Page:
There’s a host of credible advisory firms that publish assessments on banking martech solutions. If your institution doesn’t have a subscription to leverage for detailed insights, publicly available research is more convenient to access than ever. I know I could’ve made better decisions decades ago with the sheer number of free insights available today.
At the same time, develop an internal scorecard to assess how your current martech providers respond to your request. Just because they’ve worked for you before doesn’t mean they understand where you want to go now.
From there, perform a gap assessment and figure out whether you can get by with your current partners, if you need to augment their work, or if you need to find a new path forward. This is hard work, but it’s the only way you can credibly demonstrate that the marketing function understands strategically where the bank wants (and needs) to go to survive and compete.
You can’t just take the provider’s word for it, even if it’s from your current core provider. That’s too big of a risk. Some banks will be the first to try it, but your company’s risk tolerance might determine that you don’t want to be that institution. So take your time. Refine your initiatives and strategy because the spending on bank martech may or may not steadily increase in the coming years. It’s critical that your decisions can scale at a rate that reflects where the bank wants to find growth.
The Future of Martech Spending
Today, social media and mobile outreach are rapidly augmenting traditional marketing channel usage, and experts believe that financial institutions will continue to spend more on digital marketing than on traditional marketing channels in the years to come. Statista reported that banks spent $19.6 billion on digital advertising in 2020. As the economy rebounds, that spending will most likely increase to $23.6 billion in 2021.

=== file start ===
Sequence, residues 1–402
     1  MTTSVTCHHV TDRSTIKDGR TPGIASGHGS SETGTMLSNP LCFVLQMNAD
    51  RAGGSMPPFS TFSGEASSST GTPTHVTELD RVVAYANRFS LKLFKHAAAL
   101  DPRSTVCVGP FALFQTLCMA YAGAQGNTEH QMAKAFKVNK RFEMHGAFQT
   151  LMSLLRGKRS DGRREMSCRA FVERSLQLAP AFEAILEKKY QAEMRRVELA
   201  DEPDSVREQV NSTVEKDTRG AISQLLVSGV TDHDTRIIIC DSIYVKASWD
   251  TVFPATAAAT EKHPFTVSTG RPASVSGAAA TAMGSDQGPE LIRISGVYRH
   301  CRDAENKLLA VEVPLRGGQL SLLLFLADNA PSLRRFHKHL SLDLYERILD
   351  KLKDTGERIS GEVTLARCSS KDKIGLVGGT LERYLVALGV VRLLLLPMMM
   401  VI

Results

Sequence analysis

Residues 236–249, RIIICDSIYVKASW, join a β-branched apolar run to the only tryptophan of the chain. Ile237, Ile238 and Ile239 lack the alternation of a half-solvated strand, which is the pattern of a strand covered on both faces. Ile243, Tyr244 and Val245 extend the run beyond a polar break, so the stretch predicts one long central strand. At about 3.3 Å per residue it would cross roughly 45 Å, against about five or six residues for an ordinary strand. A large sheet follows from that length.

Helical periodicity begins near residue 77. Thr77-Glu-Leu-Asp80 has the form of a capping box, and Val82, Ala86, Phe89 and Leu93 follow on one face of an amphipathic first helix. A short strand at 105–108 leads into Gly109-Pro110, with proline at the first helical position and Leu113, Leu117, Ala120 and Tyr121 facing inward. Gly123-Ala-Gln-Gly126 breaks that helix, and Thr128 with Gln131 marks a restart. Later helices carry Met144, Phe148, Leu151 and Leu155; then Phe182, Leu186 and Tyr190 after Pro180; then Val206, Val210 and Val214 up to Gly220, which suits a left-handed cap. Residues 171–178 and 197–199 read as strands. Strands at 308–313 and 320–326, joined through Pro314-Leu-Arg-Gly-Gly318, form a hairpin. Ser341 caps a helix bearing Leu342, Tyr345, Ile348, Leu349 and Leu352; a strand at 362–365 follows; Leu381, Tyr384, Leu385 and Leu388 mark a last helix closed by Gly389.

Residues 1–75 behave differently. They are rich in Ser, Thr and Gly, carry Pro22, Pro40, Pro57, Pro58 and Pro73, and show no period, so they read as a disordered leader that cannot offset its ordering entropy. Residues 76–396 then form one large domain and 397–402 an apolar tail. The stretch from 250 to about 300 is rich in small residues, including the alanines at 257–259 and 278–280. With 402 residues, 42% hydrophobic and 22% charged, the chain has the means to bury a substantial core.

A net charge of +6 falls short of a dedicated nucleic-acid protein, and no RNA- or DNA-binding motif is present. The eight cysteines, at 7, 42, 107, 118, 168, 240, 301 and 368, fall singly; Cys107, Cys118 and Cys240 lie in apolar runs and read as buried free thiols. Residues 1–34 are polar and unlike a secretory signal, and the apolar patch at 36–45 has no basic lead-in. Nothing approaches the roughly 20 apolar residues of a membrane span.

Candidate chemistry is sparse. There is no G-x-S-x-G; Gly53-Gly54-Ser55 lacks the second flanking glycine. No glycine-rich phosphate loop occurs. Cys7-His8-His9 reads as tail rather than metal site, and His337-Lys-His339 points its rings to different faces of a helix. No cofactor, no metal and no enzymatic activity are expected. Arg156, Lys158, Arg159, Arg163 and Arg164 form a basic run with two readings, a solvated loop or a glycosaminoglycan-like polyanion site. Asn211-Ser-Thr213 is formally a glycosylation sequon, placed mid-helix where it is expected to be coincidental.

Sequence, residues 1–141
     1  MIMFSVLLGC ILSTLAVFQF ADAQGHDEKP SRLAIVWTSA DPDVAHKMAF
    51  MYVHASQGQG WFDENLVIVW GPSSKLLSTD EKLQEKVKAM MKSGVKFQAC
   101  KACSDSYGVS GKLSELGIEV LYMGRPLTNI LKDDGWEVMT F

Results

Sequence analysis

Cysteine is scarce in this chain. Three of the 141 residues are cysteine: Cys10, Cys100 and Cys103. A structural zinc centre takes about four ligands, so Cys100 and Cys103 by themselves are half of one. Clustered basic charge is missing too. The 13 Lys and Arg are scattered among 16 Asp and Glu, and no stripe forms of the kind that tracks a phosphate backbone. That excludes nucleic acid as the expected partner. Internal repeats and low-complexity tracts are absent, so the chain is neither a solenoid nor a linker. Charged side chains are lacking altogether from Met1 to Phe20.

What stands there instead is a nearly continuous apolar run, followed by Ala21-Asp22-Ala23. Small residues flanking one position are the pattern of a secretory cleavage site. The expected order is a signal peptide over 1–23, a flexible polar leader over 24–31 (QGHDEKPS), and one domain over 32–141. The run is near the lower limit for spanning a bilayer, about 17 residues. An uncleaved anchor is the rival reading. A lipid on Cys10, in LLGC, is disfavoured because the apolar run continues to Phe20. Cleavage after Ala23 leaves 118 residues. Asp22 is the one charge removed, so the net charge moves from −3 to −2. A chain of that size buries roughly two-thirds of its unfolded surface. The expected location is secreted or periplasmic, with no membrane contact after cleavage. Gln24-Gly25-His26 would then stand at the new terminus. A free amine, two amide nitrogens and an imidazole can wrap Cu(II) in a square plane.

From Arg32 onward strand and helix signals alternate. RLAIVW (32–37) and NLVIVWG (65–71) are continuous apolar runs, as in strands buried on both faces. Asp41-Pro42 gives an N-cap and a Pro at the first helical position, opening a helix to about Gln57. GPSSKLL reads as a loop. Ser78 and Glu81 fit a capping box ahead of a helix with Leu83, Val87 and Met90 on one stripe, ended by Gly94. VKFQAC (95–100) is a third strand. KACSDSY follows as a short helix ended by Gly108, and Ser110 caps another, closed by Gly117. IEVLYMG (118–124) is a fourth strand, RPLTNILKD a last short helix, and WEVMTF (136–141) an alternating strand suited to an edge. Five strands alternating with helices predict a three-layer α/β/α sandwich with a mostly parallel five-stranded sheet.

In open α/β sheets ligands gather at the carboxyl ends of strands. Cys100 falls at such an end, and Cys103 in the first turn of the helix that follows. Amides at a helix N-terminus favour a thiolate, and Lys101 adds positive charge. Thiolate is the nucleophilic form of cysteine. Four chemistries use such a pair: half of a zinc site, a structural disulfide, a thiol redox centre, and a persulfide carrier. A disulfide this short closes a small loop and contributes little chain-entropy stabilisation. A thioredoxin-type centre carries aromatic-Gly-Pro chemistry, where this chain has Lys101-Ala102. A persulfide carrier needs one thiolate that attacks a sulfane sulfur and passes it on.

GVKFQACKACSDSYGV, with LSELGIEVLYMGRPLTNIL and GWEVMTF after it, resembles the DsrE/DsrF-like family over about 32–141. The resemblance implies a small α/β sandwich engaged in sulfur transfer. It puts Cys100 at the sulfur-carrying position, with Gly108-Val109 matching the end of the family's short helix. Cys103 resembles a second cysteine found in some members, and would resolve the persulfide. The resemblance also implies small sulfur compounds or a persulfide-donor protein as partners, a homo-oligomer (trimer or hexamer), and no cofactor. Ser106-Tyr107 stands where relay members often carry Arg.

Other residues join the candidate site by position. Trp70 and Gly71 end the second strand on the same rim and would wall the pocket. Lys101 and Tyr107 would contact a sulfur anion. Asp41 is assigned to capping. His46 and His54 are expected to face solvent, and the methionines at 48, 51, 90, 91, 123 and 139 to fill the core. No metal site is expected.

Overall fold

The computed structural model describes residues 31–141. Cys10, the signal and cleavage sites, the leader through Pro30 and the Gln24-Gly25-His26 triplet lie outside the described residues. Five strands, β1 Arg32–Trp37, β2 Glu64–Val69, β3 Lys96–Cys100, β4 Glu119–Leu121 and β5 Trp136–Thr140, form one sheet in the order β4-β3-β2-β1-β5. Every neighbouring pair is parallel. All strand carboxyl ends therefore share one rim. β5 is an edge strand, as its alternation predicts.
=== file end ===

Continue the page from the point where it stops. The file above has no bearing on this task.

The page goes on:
To determine where those digital marketing dollars should go, banks must reflect on what the customer experience will be post-coronavirus. If online account openings continue to prosper, for example, you should focus on marketing to prospects who are open to doing that. And if your bank has a hybrid branch and online strategy, then you should market accordingly.
Ultimately, you’ll need to change your marketing plan to a real-time model. If your martech partners can’t turn on a dime to help you, then find new ones. The unknown should be the new operating model for bank marketers, so it’s time to create marketing plans that are iterative and adaptable as the needs of the bank change.
About the Author
Rick Hall is the managing director of the Banking and Financial Services practice at BKM Marketing, a boutique marketing communications and strategy firm based in the Boston area with a deep focus on the financial services industry. With more than 25 years of experience as a banker and management consultant to the industry, he focuses extensively on product development, customer analytics, strategic marketing initiatives, and payment strategies with a key focus on the small business and commercial sectors. In his role at BKM, Rick directs the firm’s strategic relationships for banking, credit union, and fintech/technology clients.
Updated on Mar 21, 2022, 4:41 pm